Have you heard? Infosys (Nasdaq: INFY) is onedarnexpensive company. Still, first-quarter results and higher guidance show the leader in Indian IT outsourcing has an attractive story for investors in that its business model is inherently disruptive to many business processes.
Thomas Friedman described it succinctly in The World Is Flat, when he meets Jerry Rao in Bangalore. Jerry introduces himself and mentions to Thomas that he does tax returns. Thomas demurs, mentioning that he has an accountant in Chicago. Jerry then explains that several medium-sized U.S. CPA firms have outsourced U.S. tax returns for him to do for them. Jerry is now the accountant's accountant. Small world, eh? Let's keep that in mind as we look over Infosys' latest results.
I can't argue with the earnings. The outstanding results not only sent shares higher by 6% or so but also lifted the entire Indian stock market just a day after several bombings rocked Mumbai. Revenues were up 39% to $660 million, and earnings per diluted share up 44% to $0.62 a share. Net profit margins were about 26.3%, up 70 basis points year over year. And this is what always amazes me when I look over Indian outsourcing firms: The company hired nearly 5,700 people in the last quarter, bringing their total employee count to about 58,400. Keep in mind, it had only 10,700 employees in 2002. Then again, this is a business that took 23 years to hit $1 billion in annual revenues, and only 23 months to hit $2 billion. Not your average company now, is it?
All of the good news aside, there are some negatives to Infosys' story, as well as other Indian outsourcers such as Wipro (NYSE: WIT), Satyam (NYSE: SAY), and Cognizant (Nasdaq: CTSH). It is getting more expensive to hire and retain employees, for one. Infosys mentioned in its conference call that it is increasing wages for Indian workers by 14%-15% this year, and pre-announced 11%-12% increases for next year to be more enticing as an employer of choice to forthcoming IT graduates.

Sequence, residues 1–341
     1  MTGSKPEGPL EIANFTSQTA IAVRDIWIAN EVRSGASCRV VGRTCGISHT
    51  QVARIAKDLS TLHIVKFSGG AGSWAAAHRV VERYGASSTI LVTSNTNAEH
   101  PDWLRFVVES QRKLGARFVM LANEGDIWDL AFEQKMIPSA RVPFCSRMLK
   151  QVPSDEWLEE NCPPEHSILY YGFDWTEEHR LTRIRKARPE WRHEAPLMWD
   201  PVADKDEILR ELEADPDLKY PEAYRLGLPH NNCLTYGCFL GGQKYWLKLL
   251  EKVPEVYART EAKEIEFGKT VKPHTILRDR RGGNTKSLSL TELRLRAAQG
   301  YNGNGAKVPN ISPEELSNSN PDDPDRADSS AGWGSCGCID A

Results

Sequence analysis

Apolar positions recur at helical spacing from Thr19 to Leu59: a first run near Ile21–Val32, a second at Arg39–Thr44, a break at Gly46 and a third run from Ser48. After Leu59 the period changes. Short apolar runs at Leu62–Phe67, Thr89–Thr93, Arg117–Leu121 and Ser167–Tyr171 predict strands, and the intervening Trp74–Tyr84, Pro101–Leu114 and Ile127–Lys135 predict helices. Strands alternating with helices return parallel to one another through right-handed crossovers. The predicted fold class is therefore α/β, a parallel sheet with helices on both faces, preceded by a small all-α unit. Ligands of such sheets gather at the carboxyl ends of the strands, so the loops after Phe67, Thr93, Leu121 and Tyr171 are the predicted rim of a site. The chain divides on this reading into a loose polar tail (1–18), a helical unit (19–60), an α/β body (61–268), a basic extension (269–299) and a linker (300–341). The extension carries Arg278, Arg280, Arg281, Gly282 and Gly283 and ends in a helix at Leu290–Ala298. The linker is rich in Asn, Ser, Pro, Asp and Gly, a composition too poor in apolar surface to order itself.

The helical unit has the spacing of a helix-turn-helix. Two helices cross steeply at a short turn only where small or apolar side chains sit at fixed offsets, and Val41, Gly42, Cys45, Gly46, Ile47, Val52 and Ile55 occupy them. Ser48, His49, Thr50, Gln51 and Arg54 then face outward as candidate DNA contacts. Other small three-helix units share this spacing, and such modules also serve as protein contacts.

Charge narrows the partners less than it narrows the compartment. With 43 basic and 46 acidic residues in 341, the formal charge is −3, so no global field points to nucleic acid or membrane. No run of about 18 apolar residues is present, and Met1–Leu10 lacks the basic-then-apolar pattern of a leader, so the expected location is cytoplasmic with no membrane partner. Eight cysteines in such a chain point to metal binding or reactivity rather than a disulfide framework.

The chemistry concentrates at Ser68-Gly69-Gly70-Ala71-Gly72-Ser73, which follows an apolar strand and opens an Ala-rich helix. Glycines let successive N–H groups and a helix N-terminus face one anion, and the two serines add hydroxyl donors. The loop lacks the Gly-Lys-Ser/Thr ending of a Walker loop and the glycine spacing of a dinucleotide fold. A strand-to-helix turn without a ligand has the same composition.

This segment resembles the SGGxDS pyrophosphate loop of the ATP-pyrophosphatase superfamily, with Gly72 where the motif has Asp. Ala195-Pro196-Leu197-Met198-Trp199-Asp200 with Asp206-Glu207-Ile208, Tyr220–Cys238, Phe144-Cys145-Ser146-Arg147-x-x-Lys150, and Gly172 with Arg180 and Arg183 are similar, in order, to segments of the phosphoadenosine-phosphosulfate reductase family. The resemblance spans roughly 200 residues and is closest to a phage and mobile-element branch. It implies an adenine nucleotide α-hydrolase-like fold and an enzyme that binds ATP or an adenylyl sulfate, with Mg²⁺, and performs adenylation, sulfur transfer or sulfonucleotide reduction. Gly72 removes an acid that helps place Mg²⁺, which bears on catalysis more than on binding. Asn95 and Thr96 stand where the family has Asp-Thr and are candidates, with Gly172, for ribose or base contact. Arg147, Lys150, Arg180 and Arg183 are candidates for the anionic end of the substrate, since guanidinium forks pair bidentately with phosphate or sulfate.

Competition is also a worry, with IBM (NYSE: IBM) recently announcing it will invest $6 billion in India in the next three years. Invest in what, I am puzzled; and so is Infosys. In the conference call, management said it sees the investment as a validation of its business model, but also mentioned that is it not going to be an easy road for IBM. For one thing, Infosys' Corporate University handles 1.5 million applications a year and identifies and trains 25,000 students. To me as well, it doesn't add up -- surely IBM doesn't expect to be able to replicate in such a short time what Infosys and others have worked years to build? One thing is clear, though -- IBM's massive hiring of staff will only increase the severity of the hiring pressures for the Indian IT companies.
When you add it all up, Infosys' P/E of 41 and price-to-sales of nearly 10 indicates to me that the stock is priced to perfection. However, that doesn't make the story any less fascinating to watch, as the Indian IT industry reshapes the technology sector.
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